A snake that appears to be sneaking around the Sun has been captured in a new video by a near-solar observatory.
However, the “snake” observed by the European Space Agency’s Solar Orbiter is not a true squamate star but a new solar event that may be associated with a large outburst from the unstable Sun.
The Orbiter observed the moving image on 5 September when it moved to closest approach – known as perihelion – scheduled for 12 October, the closest Solar Orbiter has yet been. (The conference video was amazing, by the way.)
As the Solar Orbiter approached, it was a picture of a streak extending a long way across the Sun. Solar scientists say this is a cold tube of plasma in the hot plasma circulating in the Sun’s atmosphere, bound by the Sun’s magnetic field.
The video shows the plasma moving up the Sun from one side to the other, following the solar energy filament.
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“You’re getting the plasma moving from one side to the other, but the magnetic field is really twisted. So you’re getting this change because we’re looking at the bottom of a twisted system,” explains astronomer David Long of University College. London in the UK.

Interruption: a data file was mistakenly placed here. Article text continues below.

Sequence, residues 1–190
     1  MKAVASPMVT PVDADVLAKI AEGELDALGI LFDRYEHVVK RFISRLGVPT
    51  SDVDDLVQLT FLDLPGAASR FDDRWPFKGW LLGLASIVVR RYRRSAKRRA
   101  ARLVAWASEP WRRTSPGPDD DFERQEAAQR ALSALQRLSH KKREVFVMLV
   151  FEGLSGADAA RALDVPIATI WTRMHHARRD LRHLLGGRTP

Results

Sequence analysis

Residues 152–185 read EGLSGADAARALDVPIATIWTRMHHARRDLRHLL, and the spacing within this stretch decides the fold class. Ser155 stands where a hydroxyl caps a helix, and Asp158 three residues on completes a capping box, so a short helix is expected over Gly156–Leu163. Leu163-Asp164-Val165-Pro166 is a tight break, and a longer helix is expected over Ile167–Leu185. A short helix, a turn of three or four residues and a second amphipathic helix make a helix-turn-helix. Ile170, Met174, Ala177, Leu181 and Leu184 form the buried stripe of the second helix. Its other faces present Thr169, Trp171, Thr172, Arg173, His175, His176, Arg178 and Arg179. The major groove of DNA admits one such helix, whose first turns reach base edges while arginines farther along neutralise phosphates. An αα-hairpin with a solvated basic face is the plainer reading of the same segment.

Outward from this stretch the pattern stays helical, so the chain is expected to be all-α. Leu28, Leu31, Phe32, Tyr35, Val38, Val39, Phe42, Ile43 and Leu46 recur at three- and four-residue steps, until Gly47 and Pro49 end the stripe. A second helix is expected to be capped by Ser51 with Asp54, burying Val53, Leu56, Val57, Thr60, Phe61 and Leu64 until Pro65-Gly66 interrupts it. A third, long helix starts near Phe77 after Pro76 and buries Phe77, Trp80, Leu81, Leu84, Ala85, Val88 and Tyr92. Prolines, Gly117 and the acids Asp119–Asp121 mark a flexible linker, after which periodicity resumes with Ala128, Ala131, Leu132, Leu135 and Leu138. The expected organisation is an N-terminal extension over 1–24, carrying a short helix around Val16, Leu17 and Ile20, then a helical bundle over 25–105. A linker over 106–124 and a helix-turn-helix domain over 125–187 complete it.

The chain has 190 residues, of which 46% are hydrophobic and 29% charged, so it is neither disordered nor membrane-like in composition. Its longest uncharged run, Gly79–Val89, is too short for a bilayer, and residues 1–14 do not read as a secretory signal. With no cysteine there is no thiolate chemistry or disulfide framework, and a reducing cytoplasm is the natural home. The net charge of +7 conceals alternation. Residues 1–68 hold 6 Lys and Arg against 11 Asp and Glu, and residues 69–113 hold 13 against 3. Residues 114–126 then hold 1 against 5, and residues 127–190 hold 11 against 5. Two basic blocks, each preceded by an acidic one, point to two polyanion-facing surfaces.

Solar magnets are complex, and trying to understand them and their behavior is a constant Herculean experiment.
But the sun’s atmosphere contains plasma made up of small particles called charged particles that are easily trapped by magnetic forces.
This is why fusion generators such as tokamaks rely on magnets to trap the plasma – but it also means that if you can follow the contents of the plasma, you can get a better idea of what the magnets are doing.
The solar snake helps scientists see the magnetic field moving, but it’s what it’s moving away from that makes it so fascinating.
As soon as the filament made its way across the Sun, it initially exploded and released a plasma blast into the atmosphere.
These eruptions are often associated with sunspots, regions of magnetic fields on the Sun. These magnetic fields bend, jump, and recombine, producing coronal mass ejections and sometimes solar flares.
The snake was probably connected in some way one of the strongest detected by the Solar Orbiter since its launch in February 2020, possibly as a precursor to the eruption.
Solar Orbiter isn’t alone up there, either; NASA’s Parker Solar Probe was directly in the line of fire of the coronal mass ejection. It is not damaged – it is designed to withstand the heat of the sun, and test it to start, so we are all waiting with interest to see what was found in the plasma released by such a large explosion.
Meanwhile, the Solar Orbiter’s next perihelion is scheduled for April next year. Sunspot events on the Sun are on the rise, leading to an 11-year increase, so we’re excited to see what this research shows us next.